A Rose named after Our Lady of Guadalupe and a Motivational Tip for the Christmas Season

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In the Rose Gardening World, Our Lady of Guadalupe is a lovely pink Floribunda with 25 petals. Our Lady of Guadalupe Rose blooms are complemented with reddish green leaves and very healthy. It is prolific bloomer and as good if not better than Knock Out roses in my garden.

 

When it was first introduced, only Jackson and Perkins carried it for a while with part of the sales going to a charity. It is such a lovely rose in the garden. I had two bushes planted in the middle of a formal garden with six roses on the same bed. On one of my Ice Cream Socials at my garden in New York, I showed the rose to the priest who was attending the Ice Cream Social. I also had two American Beauty roses, the priest’s favorite rose on the bed and two Brother Cadfael roses, another pink rose. The priest decided to bless the bed and the whole garden.

 

The following winter, we had a very harsh winter and lo and behold, the roses in that bed all died except Our Lady of Guadalupe. I then replaced the four roses with John Paul II, Brother Cadfael, Glamis Castle and Tess d’Urbervilles. When we had the Ice Cream Social again the next year, Fr. Burns was back and I told him the story. He could not believe it and told me he would tell his mother who loved to garden.

 

The feast day of Our Lady of Guadalupe is Dec. 12. Our Lady of Guadalupe is the patron saint of Mexico. Our Lady of Guadalupe dates back to the 16th century, when, according to tradition, an Aztec Indian named Juan Diego had a vision of the Virgin Mary in December 1531 who identified herself in Spanish. The appearance of Our Lady of Guadalupe generated the conversion of Mexico, Central and South America to Catholicism. Indeed, Our Lady of Guadalupe became an integral part of Mexican life and a central figure to the history of Mexico itself. The three most important religious celebrations in Central and South America are Christmas, Easter, and December 12, the feast day of Our Lady of Guadalupe. Her appearance in the center of the American continents has contributed to the Virgin of Guadalupe being given the title “Mother of the Americas”. After the Spanish Conquest, Diego was one of the first converts to Christianity, according to believers. He was canonized in 2002, making him the first indigenous American saint.

 

Tip of the Day – Share your time, treasure and talent to help others.

 

Until next time. Stop and smell the roses.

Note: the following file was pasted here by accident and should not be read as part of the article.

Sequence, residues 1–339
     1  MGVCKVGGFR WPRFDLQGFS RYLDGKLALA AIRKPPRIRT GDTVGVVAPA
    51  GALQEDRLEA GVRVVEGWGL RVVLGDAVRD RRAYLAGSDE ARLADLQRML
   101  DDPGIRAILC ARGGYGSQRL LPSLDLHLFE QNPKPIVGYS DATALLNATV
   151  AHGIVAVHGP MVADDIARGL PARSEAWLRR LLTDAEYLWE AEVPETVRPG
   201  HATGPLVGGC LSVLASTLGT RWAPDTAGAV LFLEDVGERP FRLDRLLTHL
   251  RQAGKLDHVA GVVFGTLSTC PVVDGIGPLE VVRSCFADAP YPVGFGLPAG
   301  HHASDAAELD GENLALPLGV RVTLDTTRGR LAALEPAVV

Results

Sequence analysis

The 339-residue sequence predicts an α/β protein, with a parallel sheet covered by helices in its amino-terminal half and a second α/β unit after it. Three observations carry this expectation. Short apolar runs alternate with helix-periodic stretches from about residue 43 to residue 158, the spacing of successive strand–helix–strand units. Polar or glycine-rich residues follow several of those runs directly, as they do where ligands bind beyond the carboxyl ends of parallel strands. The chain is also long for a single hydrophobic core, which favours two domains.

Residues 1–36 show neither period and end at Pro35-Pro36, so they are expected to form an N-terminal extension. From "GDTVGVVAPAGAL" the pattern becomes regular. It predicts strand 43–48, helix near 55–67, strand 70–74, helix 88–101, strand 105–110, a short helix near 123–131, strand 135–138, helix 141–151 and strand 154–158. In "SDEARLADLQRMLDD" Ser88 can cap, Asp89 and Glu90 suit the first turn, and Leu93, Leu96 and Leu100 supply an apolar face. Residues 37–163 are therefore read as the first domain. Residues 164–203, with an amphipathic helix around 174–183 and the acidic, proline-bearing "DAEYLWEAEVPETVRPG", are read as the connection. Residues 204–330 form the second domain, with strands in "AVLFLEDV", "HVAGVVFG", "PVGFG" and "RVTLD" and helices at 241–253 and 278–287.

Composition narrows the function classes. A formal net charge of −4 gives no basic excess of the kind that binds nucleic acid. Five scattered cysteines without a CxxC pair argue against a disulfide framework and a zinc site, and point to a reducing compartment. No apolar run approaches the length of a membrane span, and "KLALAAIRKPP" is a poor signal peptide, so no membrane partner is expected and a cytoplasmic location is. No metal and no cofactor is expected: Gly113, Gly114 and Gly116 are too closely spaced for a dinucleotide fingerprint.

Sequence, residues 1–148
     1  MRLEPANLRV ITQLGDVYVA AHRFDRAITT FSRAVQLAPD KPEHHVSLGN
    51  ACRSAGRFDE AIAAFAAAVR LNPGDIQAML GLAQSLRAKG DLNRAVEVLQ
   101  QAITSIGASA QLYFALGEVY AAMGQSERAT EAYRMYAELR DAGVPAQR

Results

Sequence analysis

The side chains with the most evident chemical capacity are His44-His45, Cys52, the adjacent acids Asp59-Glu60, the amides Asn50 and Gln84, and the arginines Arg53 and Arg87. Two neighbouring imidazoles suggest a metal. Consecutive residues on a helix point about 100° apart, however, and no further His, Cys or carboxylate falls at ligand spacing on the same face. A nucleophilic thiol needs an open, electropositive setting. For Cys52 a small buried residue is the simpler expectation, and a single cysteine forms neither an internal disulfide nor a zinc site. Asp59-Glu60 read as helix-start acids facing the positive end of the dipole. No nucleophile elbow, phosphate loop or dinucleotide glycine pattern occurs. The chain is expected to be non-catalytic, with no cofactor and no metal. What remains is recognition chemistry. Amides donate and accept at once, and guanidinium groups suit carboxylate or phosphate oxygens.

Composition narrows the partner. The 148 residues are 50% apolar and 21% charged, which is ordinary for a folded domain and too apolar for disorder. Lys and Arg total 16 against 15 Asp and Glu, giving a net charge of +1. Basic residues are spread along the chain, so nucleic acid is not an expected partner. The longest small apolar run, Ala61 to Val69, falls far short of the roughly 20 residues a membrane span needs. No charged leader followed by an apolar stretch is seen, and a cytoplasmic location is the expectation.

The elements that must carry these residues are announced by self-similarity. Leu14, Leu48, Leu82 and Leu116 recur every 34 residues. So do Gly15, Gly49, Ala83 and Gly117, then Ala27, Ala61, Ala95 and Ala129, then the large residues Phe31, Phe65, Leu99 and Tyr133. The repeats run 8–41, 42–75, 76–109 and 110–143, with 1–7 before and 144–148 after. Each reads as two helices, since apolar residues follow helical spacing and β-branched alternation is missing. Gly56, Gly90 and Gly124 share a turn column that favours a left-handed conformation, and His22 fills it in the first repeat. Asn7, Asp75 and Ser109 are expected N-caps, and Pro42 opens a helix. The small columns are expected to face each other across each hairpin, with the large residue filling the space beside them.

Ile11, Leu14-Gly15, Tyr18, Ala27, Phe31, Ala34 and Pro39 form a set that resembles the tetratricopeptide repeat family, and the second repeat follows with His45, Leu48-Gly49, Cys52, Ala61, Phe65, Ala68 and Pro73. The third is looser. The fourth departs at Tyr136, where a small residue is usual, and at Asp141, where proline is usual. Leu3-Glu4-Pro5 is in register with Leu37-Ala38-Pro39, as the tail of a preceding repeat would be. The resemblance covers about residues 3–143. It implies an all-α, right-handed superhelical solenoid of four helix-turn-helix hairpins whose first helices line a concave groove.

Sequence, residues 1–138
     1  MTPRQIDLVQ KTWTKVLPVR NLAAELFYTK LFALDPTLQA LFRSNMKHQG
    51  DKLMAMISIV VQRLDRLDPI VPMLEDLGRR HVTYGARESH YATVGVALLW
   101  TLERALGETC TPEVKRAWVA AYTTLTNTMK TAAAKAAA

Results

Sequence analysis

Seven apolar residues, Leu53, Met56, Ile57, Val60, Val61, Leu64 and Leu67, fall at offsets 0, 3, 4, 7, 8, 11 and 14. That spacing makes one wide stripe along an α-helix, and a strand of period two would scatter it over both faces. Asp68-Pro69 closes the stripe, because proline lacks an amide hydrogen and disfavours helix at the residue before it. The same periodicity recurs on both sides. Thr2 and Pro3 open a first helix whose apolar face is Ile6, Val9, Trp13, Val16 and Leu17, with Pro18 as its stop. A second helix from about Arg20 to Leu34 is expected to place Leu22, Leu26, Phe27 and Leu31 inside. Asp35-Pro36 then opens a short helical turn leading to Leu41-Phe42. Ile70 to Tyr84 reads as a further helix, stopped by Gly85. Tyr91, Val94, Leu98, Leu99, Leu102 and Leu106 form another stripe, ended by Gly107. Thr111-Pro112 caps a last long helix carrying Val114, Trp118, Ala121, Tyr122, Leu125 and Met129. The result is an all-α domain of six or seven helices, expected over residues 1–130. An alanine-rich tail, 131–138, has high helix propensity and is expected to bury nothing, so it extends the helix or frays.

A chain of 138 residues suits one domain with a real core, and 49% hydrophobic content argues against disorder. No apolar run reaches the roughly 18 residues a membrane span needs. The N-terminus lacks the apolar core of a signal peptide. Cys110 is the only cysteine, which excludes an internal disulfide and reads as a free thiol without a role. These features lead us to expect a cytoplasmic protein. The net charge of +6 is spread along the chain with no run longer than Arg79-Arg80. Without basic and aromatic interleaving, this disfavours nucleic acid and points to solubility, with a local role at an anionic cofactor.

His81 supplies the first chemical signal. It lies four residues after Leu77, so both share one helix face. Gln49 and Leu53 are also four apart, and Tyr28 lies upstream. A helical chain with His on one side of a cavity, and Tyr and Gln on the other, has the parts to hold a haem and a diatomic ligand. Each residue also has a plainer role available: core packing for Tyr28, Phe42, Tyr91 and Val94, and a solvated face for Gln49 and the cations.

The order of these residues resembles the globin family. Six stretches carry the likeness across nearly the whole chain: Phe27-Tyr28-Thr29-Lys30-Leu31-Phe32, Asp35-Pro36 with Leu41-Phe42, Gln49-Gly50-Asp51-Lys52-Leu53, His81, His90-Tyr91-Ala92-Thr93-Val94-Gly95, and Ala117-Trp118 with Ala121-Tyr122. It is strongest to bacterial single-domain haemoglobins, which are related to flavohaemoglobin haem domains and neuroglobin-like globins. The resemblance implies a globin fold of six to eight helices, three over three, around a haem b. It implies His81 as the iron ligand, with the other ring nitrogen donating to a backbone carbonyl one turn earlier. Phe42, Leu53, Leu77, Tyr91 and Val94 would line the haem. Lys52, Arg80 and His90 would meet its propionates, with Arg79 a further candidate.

Rosalinda

 

A Climbing Rose (Winner’s Circle) and a Tip for a Successful Life

 

Winners Circle by Conard Pyle
Photo Credit – Conard Pyle

Class: Climber

Date of Introduction: 1997

Hybridizer: William Radler

Registration Name: RADwin

Parentage: RADliv x RADkoswe

 

Conard Pyle, the introducer of Knock Out Roses also introduced the climbing rose collection of William Radler, the hybridizer of the Knock Out Family of roses. Just like the Knock Out Roses, the climbing roses are also disease resistant. One of these climbing roses is Winner’s Circle™.

This new climber from the breeder of ‘Knock Out’ is sure to become a favorite. Winner’s Circle™ is a bright red climber and can reach a height up to 12 ft. with 4 ft. wide spread. Its blooms average 3.75”, fire-engine red but no fragrance. They are non-fading and can take the heat. It is winter hardy to zone 5. Winner’s Circle™ is floriferous, a vigorous climber with semi-glossy, dark green foliage. Disease resistance is excellent. In the fall the foliage turns deep burgundy red and the plants is covered with bright orange hips.

 

Tip of the day:  Aim high and hit the mark.

Until next time. Stop and smell the roses.

 

Rosalinda Morgan

 

 

 

A Rose (Olympiad) and a Tip for a Happy, Healthy and Successful Living

 

Olympiad by Flickr
Photo Credit – Flickr.com

Parentage – (‘Red Planet’ x ‘Pharaoh’), 1982
Hybridizer – Sam McGredy, New Zealand
Introducer – Armstrong Nursery, Ontario, California

Olympiad was the official rose of the 1984 Summer Olympics in Los Angeles. It was also the winner of the All America Rose Selection Award in 1984 and the Gold Medal Portland Award in 1985. Olympiad is one of the best red hybrid teas as a bedding rose for gardeners and an excellent source for cut flower. The blooms come usually singly on long stems. Olympiad has good repeat throughout the season. The long pointed buds unfurl to double (35 to 40 petals), large (4 – 5 inches across), high-centered brilliant clear red flowers with a mild fragrance. Very thorny stems bear medium green, semi-glossy foliage with medium red new growth.